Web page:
BIANCA ANDREESCU: I was feeling many, many things before the match, more than any other match. In the finals, playing Serena. I just tried to breathe as much as I could from the moment I woke up until the match. I tried to just do that throughout the whole match, to just keep my nerves in place.It wasn't easy at all. But I think that's what I've been doing really well throughout this whole year.

Q. When you took the 6-5 lead in the second sitting in your chair, it looked like your eyes were closed. What was going through your mind at that point?

BIANCA ANDREESCU: I told myself to put the goddamn ball inside the court and just breathe as much as I could because she was serving, first of all. I wanted to win the first point to show her that I am in it to win it. Did I win that first point? I don't even know.

Q. I think so.

BIANCA ANDREESCU: Okay, good.

But, yeah, the game plan right from the start of the match was to make her play and to just make her work for every ball. I'm just really happy with how I executed because I think that's what I did the whole entire match.

Q. You've talked about wanting to inspire young people across Canada. Canadians are going crazy over this win. You've made history. What does that mean to you?

BIANCA ANDREESCU: I've said this many, many times before. I'm going to say it again. It's been a goal of mine to inspire many people, especially Canadian athletes. I think that this win will hopefully do that, not only this win but just what I've accomplished this past year because so many Canadian athletes have paved the way for me when I was young.

Hopefully I can be that person to them.

Q. You sound very self-assured, you play a confident brand of tennis. Is that something that's

always been the case for you? Is it something you had to learn over time? If so, how did you?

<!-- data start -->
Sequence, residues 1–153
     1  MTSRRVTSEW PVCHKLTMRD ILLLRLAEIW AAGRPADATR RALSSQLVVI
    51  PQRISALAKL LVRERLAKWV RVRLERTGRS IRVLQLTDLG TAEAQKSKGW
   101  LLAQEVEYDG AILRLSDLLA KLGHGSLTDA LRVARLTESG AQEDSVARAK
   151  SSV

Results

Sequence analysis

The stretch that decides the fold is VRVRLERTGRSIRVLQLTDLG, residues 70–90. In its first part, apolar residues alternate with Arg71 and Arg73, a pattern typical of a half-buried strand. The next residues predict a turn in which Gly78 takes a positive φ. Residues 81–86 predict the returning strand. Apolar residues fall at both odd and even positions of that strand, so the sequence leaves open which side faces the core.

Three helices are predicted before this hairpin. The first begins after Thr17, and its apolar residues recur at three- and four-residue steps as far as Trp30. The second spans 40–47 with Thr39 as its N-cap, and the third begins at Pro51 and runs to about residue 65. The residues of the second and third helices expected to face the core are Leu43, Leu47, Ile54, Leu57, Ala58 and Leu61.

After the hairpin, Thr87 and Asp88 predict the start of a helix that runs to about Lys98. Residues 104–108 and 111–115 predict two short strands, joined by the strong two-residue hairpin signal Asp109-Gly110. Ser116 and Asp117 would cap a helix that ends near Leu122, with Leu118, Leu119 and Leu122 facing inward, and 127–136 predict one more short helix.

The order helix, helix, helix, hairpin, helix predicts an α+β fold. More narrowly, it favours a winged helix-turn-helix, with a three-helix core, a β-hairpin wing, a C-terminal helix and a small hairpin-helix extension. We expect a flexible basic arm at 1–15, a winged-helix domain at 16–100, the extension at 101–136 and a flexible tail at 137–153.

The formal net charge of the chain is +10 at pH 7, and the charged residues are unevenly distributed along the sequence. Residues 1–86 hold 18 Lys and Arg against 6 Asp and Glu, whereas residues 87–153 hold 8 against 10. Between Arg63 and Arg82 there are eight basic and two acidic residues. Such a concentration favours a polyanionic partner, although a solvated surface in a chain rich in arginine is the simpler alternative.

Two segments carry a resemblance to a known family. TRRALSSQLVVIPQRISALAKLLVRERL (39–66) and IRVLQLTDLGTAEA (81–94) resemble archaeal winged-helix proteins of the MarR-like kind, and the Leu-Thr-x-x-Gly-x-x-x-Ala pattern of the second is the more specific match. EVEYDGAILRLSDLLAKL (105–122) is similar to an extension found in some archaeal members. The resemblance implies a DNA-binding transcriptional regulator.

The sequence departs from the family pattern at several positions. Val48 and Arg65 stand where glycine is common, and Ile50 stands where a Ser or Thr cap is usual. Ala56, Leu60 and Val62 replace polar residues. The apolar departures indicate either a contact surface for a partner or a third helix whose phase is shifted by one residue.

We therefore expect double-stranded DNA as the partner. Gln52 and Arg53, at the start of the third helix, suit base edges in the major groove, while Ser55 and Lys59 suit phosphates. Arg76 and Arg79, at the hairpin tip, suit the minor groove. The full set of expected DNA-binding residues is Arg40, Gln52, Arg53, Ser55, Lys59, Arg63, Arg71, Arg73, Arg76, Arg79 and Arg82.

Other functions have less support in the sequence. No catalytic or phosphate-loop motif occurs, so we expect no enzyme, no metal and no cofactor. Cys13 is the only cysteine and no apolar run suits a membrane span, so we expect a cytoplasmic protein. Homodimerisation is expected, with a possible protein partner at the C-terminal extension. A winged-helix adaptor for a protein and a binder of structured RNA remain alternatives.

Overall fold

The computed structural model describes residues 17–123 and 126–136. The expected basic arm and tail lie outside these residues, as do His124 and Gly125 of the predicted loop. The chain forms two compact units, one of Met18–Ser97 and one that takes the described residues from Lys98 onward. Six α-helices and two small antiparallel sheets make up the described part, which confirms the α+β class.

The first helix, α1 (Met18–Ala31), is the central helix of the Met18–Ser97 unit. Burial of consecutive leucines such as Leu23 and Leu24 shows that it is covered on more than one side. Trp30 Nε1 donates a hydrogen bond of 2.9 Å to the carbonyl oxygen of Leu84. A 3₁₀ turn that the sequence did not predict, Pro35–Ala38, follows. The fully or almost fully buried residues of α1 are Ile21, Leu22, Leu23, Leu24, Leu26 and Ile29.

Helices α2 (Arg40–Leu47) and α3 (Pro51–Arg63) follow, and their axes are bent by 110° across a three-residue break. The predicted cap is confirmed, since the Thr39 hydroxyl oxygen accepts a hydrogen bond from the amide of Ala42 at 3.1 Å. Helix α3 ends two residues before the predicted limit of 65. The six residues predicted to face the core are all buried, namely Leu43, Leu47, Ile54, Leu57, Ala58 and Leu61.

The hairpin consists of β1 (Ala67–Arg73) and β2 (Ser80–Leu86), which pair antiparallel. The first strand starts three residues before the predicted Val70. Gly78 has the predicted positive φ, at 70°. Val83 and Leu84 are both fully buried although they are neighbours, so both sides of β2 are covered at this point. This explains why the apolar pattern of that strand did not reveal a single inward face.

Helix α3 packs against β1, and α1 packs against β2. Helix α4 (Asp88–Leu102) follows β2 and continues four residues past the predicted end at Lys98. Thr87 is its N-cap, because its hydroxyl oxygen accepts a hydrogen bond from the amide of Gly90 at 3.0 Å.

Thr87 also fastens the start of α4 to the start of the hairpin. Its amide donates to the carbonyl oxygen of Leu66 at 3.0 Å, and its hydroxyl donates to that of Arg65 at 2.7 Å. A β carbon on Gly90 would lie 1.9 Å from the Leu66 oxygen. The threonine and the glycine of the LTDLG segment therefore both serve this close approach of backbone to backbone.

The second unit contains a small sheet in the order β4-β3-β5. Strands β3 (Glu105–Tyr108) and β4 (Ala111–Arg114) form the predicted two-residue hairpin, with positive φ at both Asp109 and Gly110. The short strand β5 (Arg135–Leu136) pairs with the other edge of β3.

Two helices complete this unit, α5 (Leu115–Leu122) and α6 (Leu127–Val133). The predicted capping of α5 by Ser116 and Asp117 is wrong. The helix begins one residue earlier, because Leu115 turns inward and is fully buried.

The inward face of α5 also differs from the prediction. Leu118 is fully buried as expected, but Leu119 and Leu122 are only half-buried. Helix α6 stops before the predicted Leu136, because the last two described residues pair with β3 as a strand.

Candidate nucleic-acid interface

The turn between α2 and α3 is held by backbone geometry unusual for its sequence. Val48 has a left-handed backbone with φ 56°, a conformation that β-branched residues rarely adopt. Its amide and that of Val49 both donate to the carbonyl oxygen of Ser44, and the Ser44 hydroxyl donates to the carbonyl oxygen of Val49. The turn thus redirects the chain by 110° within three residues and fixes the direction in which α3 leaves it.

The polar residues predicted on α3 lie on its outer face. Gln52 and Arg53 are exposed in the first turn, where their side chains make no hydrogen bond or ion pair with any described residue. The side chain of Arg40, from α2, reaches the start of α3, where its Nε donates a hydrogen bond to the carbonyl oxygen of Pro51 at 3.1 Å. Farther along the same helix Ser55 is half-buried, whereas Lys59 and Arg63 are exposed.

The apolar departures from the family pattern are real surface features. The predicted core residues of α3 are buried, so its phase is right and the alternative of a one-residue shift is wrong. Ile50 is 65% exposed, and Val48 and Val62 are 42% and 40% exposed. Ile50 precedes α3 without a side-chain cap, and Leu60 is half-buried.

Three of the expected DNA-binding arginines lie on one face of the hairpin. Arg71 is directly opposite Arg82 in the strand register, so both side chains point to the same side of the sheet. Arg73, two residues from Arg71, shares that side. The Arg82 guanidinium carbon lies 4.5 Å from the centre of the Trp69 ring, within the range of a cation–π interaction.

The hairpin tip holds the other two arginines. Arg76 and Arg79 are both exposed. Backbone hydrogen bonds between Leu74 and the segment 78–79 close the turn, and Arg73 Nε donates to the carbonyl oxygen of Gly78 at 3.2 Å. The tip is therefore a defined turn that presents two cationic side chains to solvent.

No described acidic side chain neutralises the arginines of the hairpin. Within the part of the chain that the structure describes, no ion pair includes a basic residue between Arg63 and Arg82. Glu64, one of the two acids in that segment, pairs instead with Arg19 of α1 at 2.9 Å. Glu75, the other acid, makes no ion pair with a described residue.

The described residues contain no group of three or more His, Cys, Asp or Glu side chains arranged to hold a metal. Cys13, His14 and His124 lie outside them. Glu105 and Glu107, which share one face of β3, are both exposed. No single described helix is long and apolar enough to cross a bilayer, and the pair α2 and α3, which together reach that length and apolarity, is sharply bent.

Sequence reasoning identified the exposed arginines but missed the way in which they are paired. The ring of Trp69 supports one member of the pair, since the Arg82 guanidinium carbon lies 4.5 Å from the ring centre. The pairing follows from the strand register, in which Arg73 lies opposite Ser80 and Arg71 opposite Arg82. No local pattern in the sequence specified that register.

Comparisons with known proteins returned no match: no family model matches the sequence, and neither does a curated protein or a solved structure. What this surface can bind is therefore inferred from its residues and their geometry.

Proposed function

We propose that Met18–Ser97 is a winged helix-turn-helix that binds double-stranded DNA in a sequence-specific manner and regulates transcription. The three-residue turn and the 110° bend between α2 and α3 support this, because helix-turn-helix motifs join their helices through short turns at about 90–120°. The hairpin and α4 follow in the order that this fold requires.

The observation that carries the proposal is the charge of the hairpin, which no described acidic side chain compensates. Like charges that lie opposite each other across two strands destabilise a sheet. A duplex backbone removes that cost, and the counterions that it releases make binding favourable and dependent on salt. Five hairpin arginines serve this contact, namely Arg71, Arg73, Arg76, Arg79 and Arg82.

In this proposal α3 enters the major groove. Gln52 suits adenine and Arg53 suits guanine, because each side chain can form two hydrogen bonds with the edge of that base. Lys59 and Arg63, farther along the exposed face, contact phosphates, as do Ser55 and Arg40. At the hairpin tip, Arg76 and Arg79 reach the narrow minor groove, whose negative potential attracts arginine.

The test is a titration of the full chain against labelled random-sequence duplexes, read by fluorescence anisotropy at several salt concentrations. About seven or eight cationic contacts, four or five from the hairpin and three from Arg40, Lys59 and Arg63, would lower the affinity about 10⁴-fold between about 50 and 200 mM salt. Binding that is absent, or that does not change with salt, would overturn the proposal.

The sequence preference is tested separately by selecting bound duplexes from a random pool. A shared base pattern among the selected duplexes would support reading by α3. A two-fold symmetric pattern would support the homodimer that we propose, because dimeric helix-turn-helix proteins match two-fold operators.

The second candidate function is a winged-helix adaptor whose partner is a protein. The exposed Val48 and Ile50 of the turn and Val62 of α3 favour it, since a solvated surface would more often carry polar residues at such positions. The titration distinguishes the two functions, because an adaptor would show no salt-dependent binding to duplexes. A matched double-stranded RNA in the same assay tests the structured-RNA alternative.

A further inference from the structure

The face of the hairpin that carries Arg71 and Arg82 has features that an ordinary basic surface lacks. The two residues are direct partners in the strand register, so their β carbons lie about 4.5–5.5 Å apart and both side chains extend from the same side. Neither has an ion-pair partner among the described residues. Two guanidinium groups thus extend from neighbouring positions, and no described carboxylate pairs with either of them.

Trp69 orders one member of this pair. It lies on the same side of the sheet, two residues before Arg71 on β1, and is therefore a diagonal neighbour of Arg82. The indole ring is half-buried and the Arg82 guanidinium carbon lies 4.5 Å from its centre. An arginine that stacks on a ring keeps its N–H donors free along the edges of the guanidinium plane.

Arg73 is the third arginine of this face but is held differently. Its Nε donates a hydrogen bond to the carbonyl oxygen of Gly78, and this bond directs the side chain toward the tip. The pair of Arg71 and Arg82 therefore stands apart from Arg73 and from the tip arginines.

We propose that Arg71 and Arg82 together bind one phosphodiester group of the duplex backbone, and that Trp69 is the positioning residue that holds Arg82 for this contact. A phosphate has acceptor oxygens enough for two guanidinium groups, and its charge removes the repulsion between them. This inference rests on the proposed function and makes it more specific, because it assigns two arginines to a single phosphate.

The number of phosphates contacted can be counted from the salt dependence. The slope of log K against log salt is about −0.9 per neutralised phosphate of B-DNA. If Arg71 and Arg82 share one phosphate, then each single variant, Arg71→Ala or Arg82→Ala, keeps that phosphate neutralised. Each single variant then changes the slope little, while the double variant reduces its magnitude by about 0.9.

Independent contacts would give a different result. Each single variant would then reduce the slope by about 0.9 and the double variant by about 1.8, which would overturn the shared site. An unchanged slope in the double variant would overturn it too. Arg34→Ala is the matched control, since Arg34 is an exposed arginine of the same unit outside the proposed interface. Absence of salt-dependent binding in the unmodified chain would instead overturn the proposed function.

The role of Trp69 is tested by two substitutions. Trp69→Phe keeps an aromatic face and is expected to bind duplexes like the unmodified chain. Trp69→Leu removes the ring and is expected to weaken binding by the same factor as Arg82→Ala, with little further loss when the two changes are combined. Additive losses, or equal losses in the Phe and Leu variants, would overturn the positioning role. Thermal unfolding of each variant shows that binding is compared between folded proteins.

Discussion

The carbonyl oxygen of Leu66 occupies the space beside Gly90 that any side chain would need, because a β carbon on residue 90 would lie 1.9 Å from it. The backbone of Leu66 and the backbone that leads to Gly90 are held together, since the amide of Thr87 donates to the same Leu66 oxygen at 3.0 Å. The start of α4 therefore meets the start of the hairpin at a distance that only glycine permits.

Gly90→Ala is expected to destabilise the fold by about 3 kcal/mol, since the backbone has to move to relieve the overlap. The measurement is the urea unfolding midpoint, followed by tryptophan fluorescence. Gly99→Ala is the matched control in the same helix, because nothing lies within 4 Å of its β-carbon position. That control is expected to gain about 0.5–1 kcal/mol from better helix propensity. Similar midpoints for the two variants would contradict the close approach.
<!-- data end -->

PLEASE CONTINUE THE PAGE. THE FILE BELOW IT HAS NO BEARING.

BIANCA ANDREESCU: No, I don't think I was ever as composed as I am now, or even a year ago. I would get really down on myself and I would get very negative thoughts going through my mind. I would smash racquets. I'd just yell at myself during matches. Actually not even during matches, even during practice, too.

But I found that that way wasn't working to my advantage at all. So I started seeing -- I'll say I started seeking some advice from other people. Ever since then, I've been trying to have a very positive outlook on everything. I think that's really been helping me, even in tough situations.

Q. At Indian Wells you spoke about how every day you get up and do this meditating. Did you do that today? Do you find it gives you a sense of calm? Is it empowering?

BIANCA ANDREESCU: Yeah, I did that this morning. I've been doing that this whole tournament. I put myself in situations where I think can happen in a match basically. I just find ways to deal with that so I'm prepared for anything that comes my way.

I think your biggest weapon is to be as prepared as you can. I really think that just working your mind -- because at this level everyone knows how to play tennis, I think. The thing that separates the best from the rest is just the mindset.

Q. How famous do you want to be? We can tell how good you want to be. Do you want to be like this all the time? Do you like that life? Are you okay with the idea of being recognized all over the place? Was that all part of the dream?

BIANCA ANDREESCU: I guess it is, yeah (laughter). I never really thought about being famous. My goals have been to just win as many Grand Slams as possible, become No. 1 in the world. But the idea of

fame never really crossed my mind.

The Post-Game Press-Conference Transcript was provided by ASAP Sports